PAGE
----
The founder of the Arya Samaj was Dayananda Saraswati (1824–83). Dayananda, a Gujarati, left home in his youth to become an ascetic. For seventeen years he wandered around India. In 1863 he became a wandering preacher, and five years later he added the establishment of schools to his activities. In 1872 he met the Brahmos in Calcutta. In 1875 he founded the Arya Samaj and published his major work the Satyarth Prakash. In his view, contemporary Hinduism had become degenerate. Therefore he rejected puranas, polytheism, idolatry, the role of Brahmin priests, pilgrimages, many rituals and the prohibition on widow marriage. As a good Sanskrit scholar, he made a call to“Back to the Vedas”. He wanted to shape society on the basis of the Vedas. He disregarded the puranas. Like the other social reformers, he encouraged female education and remarriage of widows.

Swami Dayananda’s sphere of influence was largely in the Punjab region where the trading community of Khatris experienced great mobility in colonial times. However, in the Punjab region, there was much communal conflict among Hindus, Muslims and Sikhs. Dayananda’s Shuddi (purification) movement i.e., conversion of non-Hindus to Hindus was controversial and provoked controversies especially with the Ahmadiya movement.

Arya Samaj is considered to be a revivalist movement. Dayananda’s influence continued into the twentieth century through the establishment of Dayananad Anglo Vedic (DAV) schools and colleges.

Ramakrishna Mission (1897)

As we saw above, the early reform movements in Bengal were radical, questioning and criticising tradition very strongly. In response to this emerged the Ramakrishna Mission as an important religious movement. Ramakrishna Paramahamsa (1836–1886), a poor priest in a temple at Dakshineswar near Kolkata, had no formal education but led an intense spiritual life. He had a deep faith in the inherent truth of all religions and tested its belief by performing religious service in accordance with the practices of different religions. According to him ‘all the religious views are but different ways to lead to the same goal.’ In a backlash, the later generation of Western educated intellectuals were drawn to Ramakrishna’s broad view, mysticism and spiritual fervour. He expounded his views in short stories and admirable parables which were compiled by an admirer as Ramakrishna Kathamrita (The Gospel of Sri Ramakrishna).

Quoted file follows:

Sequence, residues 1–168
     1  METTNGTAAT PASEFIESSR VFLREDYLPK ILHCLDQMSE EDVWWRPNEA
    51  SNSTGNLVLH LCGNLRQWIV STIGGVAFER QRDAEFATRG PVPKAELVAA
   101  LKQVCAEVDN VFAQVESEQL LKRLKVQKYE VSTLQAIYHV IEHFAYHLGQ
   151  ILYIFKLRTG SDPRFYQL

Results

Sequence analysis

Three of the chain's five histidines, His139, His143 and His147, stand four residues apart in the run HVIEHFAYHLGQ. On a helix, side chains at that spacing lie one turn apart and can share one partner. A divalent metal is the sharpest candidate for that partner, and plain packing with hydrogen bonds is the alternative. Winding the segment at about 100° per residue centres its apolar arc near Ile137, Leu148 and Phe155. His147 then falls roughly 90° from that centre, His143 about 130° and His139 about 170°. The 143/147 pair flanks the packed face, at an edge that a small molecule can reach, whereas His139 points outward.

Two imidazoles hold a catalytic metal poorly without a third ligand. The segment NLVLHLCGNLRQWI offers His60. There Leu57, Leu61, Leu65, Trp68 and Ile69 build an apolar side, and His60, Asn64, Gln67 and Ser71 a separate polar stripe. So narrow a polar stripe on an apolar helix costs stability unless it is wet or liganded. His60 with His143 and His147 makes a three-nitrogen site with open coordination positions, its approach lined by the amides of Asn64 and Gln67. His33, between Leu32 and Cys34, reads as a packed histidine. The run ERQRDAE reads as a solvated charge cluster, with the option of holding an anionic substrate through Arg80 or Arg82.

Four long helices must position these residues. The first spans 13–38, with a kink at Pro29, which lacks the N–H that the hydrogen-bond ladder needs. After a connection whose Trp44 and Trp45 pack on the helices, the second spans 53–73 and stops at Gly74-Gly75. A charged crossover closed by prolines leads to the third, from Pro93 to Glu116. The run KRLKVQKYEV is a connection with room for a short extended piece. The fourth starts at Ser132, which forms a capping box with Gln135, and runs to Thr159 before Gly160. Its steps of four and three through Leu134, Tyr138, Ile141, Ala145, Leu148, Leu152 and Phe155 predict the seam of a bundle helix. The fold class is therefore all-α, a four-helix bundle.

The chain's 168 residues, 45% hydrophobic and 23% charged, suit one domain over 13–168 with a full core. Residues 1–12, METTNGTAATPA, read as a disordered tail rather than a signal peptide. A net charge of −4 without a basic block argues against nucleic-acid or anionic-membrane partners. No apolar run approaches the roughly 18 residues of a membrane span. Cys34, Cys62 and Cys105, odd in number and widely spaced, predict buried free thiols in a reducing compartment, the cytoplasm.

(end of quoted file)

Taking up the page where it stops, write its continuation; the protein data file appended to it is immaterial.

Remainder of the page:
The most famous among his disciples was a young graduate of the Calcutta University named Narendranath Dutta, afterwards famously called Swami Vivekananda(1863–1902). Emphasising practical work over philosophizing he established the modern institution of the Ramakrishna Mission. He carried Ramakrishna’s message all over India and the world. His learning, eloquence, spiritual fervour and personality gathered round him a band of followers across the country, many of whom also joined the national movement. He attended in 1893 the famous, ‘Parliament of Religions’ at Chicago, and made a deep impact on those congregated there. The Mission opened schools, dispensaries and orphanages and helped people during their time of distress caused by calamities.

Swami Vivekananda was a personification of youth and boldness and referred to as the Morning Star of the Modern India. In the words of Valentine Chirol, ‘the first Hindu whose personality won demonstrative recognition abroad for India’s ancient civilization and for her newborn claim to nationhood.’

Theosophical Society (1886)

Even as Indian intellectuals felt challenged by western Enlightenment and rationalistic movements, there was a strain of thinking in the West which looked to the East for spiritual salvation. From this idea emerged the Theosophical Society, founded by Madam H.P. Blavatsky and Colonel H.S. Olcott in the United States of America in 1875. They came to India in 1879 and established their headquarters at Adyar in 1886. Under the leadership of Annie Besant, who came to India in 1893, the Theosophical Society gathered strength and won many adherents. The Theosophical Society started associations across south India. Though involved in many controversies, the Society played an important role in the revival of Buddhism in India. Iyotheethoss Pandithar, the radical Dalit thinker, was introduced to modern Buddhism through his interaction with Colonel Olcott who took him to Sri Lanka. There he met many Buddhist monks including the renowned revivalist Anagarika Dharmapala and Acharya Sumangala.